If that doesn’t work, try reverting back to an earlier version of the driver. Newer drivers can occasionally cause issues, so make sure your graphics card is running on the latest drivers.
Cause #5: Problems with VRAM
You may have heard of the term “VRAM” before, even if you weren’t sure exactly what it entailed. If you haven’t heard of it, you will probably see it soon.
When your card’s VRAM is damaged, it can cause slightly distorted images to appear. VRAM is what your card uses to record all kinds of data.
If you notice slight color shifts on your screen caused by VRAM artifacts, you’re likely to be experiencing VRAM artifacts. For example, when you view the sky in a game, thick lines may appear in gray or other colors.
In cases where VRAM is causing artifacting, deleting some of the data it uses can lower the load on your GPU. This could include games saved, unneeded, and so on. Overclocking is the fastest way to damage your VRAM if you don’t do this. If you don’t do this, you can permanently damage your VRAM.
Cause #6: Physical Damage
GPUs are crucial parts of a computer system, responsible for processing and rendering graphics/visuals. GPUs can be damaged, resulting in glitches in graphics.
A GPU artifact may be caused by physical damage. This can be anything from a simple scratch or dent to more serious damage, such as a cracked PCB or damaged solder joints. Damage to the screen can lead to visible artifacts such as lines, dots, or blobs. Damage to the audio system can sometimes lead to audio distortions like crackling or popping sounds.
A GPU artifact is not always caused by physical damage. Software problems, overheating, and power surges can also lead to GPU artifacts.
Let’s look at the major causes of GPU Artifacting below.
- Overheating of GPU
- Overclocking the GPU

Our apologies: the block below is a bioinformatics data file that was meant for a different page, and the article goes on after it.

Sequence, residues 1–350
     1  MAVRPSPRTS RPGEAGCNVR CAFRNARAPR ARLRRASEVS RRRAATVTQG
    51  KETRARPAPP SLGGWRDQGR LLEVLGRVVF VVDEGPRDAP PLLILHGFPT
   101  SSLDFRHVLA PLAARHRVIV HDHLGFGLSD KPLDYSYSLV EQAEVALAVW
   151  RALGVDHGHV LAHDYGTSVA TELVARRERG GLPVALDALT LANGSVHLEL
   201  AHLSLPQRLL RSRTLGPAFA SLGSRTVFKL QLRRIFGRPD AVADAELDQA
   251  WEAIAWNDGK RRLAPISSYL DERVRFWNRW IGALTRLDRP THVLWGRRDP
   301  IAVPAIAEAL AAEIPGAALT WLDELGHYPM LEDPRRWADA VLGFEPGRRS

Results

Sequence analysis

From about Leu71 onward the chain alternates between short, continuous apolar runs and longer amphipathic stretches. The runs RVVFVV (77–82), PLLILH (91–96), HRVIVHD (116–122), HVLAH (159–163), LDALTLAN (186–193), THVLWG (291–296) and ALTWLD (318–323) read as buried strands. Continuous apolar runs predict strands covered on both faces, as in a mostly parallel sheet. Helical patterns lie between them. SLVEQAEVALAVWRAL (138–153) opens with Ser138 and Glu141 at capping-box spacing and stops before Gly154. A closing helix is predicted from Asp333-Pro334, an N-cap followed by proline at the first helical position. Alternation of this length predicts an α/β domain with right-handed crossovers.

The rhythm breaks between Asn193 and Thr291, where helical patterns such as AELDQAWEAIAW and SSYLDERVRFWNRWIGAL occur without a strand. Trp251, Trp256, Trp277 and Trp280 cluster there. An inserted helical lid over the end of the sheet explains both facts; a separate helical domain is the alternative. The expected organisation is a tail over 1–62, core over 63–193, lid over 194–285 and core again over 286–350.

- Loose or Damaged GPU cables
- Inadequate Power Supply to GPU
- Faulty Graphics Driver
- Incompatible Applications
- Old Graphics Card
- Faulty VRAM
- Damaged GPU
Is GPU Artifacting Permanent?
No, that’s not necessarily the case. You are pushing the GPU into unsafe territory when you begin to see artifacts. This is a move that may permanently damage the GPU.
How To Fix GPU Artifacting?
There are many Methods to Fix GPU Artifacts, Some of the best are mentioned below:
Make sure there is no dust and clean if necessary
A GPU’s artifacting can be caused by a variety of factors, but dust is one of the most common ones. To eliminate dust from your GPU, first check for dust on the surface and clean it off.
When you see any dust on your GPU, blow it off with a blower, then re-boot your computer and see if any artifacting has disappeared.
Lower The Temperature
It has been determined that the leading cause of GPU artifacts is the temperature rise. To fix the issue, you could consider lowering the temperature of your graphics card. To do this, you can lower the in-game settings so that your GPU is not overloaded.
You can also improve airflow on your PC case by installing more fans. Consider getting a PC case that has a spacious design to promote better airflow. Heat can be generated inside a PC case by bulky components, resulting in a higher overall temperature. It could be beneficial to install aftermarket CPU fans to dissipate more heat.
Update Your Drivers
To fix this issue, you simply need to update your drivers. The easiest way to do this is to download GeForce Experience and use it to update your system whenever you play a new game. When you update your drivers, you keep your system ready to handle the load that you’re about to load on it with the new, graphics-heavy game you’re planning on playing.
Every time you download a new game, you can check to see if new drivers are available in the GeForce Experience program. This also applies to VR games.
As sometimes NVIDIA only releases their latest drivers on their website, you won’t always see the most up-to-date drivers here, but 99% of the time, the driver available there will be sufficient to keep your system running smoothly.
You may need to do some more in-depth housekeeping if your drivers are up to date and artifacts are still plentiful.
Underclock Your GPU
Graphics cards can exhibit artifacts due to high clock speeds. Thus, underclocking or running the clock at the manufacturer’s suggested speed can resolve this issue. The MSI Afterburner application allows you to underclock your GPU.